The ongoing events in Europe concerning the "migrant crisis" have made me rethink of the scope of my collection, "Transnational Narratives of Performed Exile and Englishness." The edited volume already has a solid number of contributors, but given the very urgent nature of millions of refugees who seek hope and a new life in Europe, as an editor and a scholar I would be remiss if this volume did not invite scholars to reflect on the current situation in Europe. I seek 3 chapters that address this issue. The approach could be from a journalistic point of view and/or a personal, reflective essay. Please contact me at firstname.lastname@example.org or email@example.com
Conference to be held on February 19, 2016 on the campus of La Sierra University (Riverside, CA, USA). 250 word abstracts due by October 19, 2015 to http://lasierra.edu/english/natures/abstract-submission-form/
Since the era of slavery and continuing through the present, Black women have articulated a vision of freedom, equality, anti-racism, and racial uplift, drawing from Scripture to sustain their work of promoting equal rights for African Americans. From the early female abolitionists such as Maria Stewart, Sojourner Truth, and Harriet Tubman, to the anti-lynching activists Ida B. Wells and Mary Talbert, to the twentieth-century civil rights activists Ella Josephine Baker and Septima Clark, and countless others, these "churchwomen" actively challenged the status quo that relegated Black women to the least empowered positions in the social order.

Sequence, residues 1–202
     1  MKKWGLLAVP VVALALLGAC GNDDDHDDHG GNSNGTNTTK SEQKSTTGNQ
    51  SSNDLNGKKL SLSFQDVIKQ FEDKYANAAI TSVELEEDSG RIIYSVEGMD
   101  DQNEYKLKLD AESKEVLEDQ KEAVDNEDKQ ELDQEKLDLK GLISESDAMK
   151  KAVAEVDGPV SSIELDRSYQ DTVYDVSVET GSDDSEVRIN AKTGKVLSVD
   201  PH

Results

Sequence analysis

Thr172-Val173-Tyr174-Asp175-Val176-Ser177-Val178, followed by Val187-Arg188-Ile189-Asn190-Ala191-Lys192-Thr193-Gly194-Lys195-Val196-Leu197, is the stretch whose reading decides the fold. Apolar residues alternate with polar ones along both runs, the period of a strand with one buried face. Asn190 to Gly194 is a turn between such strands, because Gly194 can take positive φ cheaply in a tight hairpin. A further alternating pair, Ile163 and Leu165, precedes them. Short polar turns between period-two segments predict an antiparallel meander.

CALL FOR PAPERS
The Folklore and Popular Culture Area Chair of the PCA/ACA invites interested scholars to submit papers on any aspect of folklore and popular culture. We seek to examine the connections between folklore and popular culture, and papers regarding any aspect of these intersections are encouraged. Full panel presentations are encouraged.
Possible themes for papers/panels include but are not restricted to: